Andrew MacGregor Marshall has grounds to be disillusioned. Despite a long and successful career, including a stretch covering Iraq as bureau chief, he was abandoned by the Reuters news agency in 2011 when he took possession of classified documents about the Thai monarchy. Reuters showed what a news organisation does when one of its reporters provokes the fury of a US ally: it quickly loses its backbone and sides with the power elites against its own reporter.
Only a few journalists find themselves coming up against their news organisation in such dramatic fashion. And of those, an even smaller number decide to act on principle and resign. An even tinier number choose to speak out, based on their own experiences, about the failures of journalism. Doing so is likely to be a form of career suicide. So bravo to Marshall for this interview with RT that offers many great insights into the role of journalists.
I came to believe that what we’d done in Iraq had been fairly useless, because we covered the day-to-day bloodshed and killing, but we failed to give the proper context that would allow readers to understand what was going on. It was almost like bloodthirsty entertainment. It makes headlines, but I don’t think mainstream media coverage of these conflicts really produces understanding. In fact I say it does the opposite, it prevents understanding. There is a focus on blood and gore and there is no attempt to really explain what the geopolitical forces behind it are. …
Nobody ever told me that I should lie, and if they ever had I would refuse. I think most of my colleagues in the mainstream media are similar.
But what was interesting is that it’s more insidious than that. There is a certain discourse that becomes normalized, in which certain views are acceptable and others not. And if you make obvious statements, you know, like about the role of banks or global superpowers, and about the disaster that’s befallen the world in many areas in recent years, you are often marginalized as some sort of loony figure. And there is a “cult of moderation,” of being “neutral”’ in the media. Being neutral is normally held to be that if there is a crazy right-winger or left-winger, you are somewhere in the middle. But obviously, truth is not always in the middle. …
I think it is through this process that the mainstream media basically becomes a tool of misinforming people, rather than informing people. It’s not so much deliberate lies, although some clearly do engage in deliberate lies, but it’s just the sense that there are some things that are safe to say that we become conditioned that they are safe to say, and there are other things that we probably know them to be true, but if we say them we are mocked or delegitimised. …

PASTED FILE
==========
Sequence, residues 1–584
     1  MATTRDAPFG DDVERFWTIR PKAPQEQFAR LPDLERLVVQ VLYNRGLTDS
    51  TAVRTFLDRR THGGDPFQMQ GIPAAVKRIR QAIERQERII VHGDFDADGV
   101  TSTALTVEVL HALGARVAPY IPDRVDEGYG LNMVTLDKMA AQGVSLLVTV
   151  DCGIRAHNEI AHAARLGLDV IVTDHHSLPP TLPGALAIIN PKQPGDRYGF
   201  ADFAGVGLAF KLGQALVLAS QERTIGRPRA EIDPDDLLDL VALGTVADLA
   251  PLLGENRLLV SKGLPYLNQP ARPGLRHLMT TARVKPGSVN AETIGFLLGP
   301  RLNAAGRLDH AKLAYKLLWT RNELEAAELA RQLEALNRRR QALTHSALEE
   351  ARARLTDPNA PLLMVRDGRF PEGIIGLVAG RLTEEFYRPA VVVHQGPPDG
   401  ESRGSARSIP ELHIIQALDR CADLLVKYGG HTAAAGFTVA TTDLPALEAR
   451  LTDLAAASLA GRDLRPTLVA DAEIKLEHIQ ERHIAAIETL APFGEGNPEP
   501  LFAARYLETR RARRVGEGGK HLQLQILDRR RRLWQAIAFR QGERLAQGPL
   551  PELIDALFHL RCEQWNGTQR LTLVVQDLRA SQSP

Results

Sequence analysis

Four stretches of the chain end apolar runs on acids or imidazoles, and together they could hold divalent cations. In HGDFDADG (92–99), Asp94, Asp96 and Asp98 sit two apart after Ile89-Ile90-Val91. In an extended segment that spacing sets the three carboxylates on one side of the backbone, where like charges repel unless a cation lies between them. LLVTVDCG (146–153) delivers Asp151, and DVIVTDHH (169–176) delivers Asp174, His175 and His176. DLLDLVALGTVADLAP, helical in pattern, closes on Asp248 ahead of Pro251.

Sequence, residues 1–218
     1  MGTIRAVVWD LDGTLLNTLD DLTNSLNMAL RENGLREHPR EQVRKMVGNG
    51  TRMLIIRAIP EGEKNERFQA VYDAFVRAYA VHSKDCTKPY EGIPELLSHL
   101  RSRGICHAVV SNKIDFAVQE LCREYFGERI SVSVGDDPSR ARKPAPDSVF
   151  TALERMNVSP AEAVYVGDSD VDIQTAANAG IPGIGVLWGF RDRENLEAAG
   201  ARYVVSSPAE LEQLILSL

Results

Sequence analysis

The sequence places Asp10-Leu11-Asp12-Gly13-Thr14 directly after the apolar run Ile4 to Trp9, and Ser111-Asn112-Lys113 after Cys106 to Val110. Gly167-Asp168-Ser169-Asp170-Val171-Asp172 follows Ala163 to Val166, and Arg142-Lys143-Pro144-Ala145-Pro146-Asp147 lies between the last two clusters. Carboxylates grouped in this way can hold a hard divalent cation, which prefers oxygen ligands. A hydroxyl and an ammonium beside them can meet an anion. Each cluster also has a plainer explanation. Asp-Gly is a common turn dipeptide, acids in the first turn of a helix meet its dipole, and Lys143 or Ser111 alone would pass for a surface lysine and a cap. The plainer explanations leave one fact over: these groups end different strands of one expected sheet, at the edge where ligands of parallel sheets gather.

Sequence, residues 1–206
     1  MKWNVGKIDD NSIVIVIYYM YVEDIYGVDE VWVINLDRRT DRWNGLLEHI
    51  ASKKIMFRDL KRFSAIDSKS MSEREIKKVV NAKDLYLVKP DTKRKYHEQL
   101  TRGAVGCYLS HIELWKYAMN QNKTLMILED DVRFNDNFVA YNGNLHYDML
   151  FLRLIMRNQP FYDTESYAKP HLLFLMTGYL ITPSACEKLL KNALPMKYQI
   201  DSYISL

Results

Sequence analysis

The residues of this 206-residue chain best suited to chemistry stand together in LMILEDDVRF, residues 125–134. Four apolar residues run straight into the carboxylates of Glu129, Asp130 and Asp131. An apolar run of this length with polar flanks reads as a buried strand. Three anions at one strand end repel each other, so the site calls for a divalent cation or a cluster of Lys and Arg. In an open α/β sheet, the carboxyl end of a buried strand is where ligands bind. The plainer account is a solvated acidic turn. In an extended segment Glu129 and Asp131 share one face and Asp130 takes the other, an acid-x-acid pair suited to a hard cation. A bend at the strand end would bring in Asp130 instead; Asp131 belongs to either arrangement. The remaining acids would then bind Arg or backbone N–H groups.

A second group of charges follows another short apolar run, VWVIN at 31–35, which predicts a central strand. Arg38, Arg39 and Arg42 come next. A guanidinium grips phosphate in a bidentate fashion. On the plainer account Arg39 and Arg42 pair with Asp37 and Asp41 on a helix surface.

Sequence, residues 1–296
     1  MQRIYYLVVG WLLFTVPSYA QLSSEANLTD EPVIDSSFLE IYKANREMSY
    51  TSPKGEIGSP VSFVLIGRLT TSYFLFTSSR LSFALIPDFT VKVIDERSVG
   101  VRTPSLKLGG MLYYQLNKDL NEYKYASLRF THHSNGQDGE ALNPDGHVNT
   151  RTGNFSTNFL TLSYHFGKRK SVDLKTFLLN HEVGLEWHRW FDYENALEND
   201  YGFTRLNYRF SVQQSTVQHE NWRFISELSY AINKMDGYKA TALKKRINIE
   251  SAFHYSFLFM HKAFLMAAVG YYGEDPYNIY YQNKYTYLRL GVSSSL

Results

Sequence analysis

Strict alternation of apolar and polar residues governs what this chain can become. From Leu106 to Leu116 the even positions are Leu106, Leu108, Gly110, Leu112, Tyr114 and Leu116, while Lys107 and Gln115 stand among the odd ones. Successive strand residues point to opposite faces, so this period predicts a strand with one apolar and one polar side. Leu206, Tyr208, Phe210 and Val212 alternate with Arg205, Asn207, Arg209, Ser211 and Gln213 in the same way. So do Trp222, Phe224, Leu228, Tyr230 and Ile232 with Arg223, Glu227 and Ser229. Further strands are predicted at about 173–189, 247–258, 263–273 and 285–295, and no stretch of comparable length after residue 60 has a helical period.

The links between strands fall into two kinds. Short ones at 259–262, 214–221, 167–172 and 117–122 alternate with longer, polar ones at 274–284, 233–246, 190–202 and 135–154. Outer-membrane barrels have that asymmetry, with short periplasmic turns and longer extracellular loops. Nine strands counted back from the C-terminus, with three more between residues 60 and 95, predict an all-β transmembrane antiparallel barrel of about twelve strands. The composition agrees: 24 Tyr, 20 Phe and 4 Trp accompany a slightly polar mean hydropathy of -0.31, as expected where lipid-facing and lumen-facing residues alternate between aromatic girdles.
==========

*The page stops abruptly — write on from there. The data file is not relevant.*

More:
We have seen Guantanamo, Abu-Ghraib and Bagram, and many other US detention centers. We have seen torture, and sexual torture became normalized. But when I was trying to report any story like this for Reuters, my editors would demand enormous evidence. I had to jump over innumerable hurdles to prove that my staff had been tortured. And I knew these men very well and I knew they were telling me the truth.
But if we wanted to report on atrocities by a militant group in Baqubah or Fallujah, we would just write “that it had been reported,” and there would be no attempt to ask us to prove what happened, because it was just assumed that this is what the militants do – they do bad things, and the Westerners do good things. …
I think that there is tendency for the Western media to claim that it is neutral and unbiased, when in fact it’s clearly propagating a one-sided, quiet nationalistic and selfish view of its own interventions in these countries. If I’d ever been told by any of my bosses to lie, I would have quit. And I ended up quitting, because I was told to lie about Thailand. But it’s done more subtly. If you want to accuse the US military of an atrocity, you have to make sure that every last element of your story is absolutely accurate, because if you make one mistake, you will be vilified and your career will be over. And we have seen that happen to some people in recent years. But if you want to say that some group of militants in Yemen or Afghanistan or Iraq have committed an atrocity, your story might be completely wrong, but nobody will vilify you and nobody will ever really check it out….
I think it is our responsibility to dig deeper and talk about causes. Why are these conflicts happening? So rather than focus on the froth and the atrocities, and the horror on the top, which are important, we have to also try and provide the framework that allows people to understand why this is happening.
To be clear:
Are we clear?
The New York Times has one of its typically racist articles making fun of Iranians for their “conspiracy theories” — this time about who created ISIS.
The irony is that this is the same NY Times that helped promote the US lie about “WMDs in Iraq”
Meanwhile I am reminded of NeoCon Michael Ledeen’s rant about how “creative destruction” is our middle name.
Things are getting pretty “creative”, huh Michael? “Faster please” indeed.
The Iranians and the Iraqis and most of the rest of the world think that the Saudis (as US allies) created ISIS and for good reason.
And lets remember a point:
During the first World Trade Center bombing in 1993, the FBI had an informant named Emad Salem among the bombers, who offered to substitute a harmless substance for the bomb material but this was rejected by his FBI handlers.
Was this an “Iranian conspiracy theory too? No, it was reported even by the NY Times.
So what makes you just assume that the US and her allies aren’t behind ISIS?
Why would the NY Daily News or any publication believe an anonymous Saudi source concerning any subject?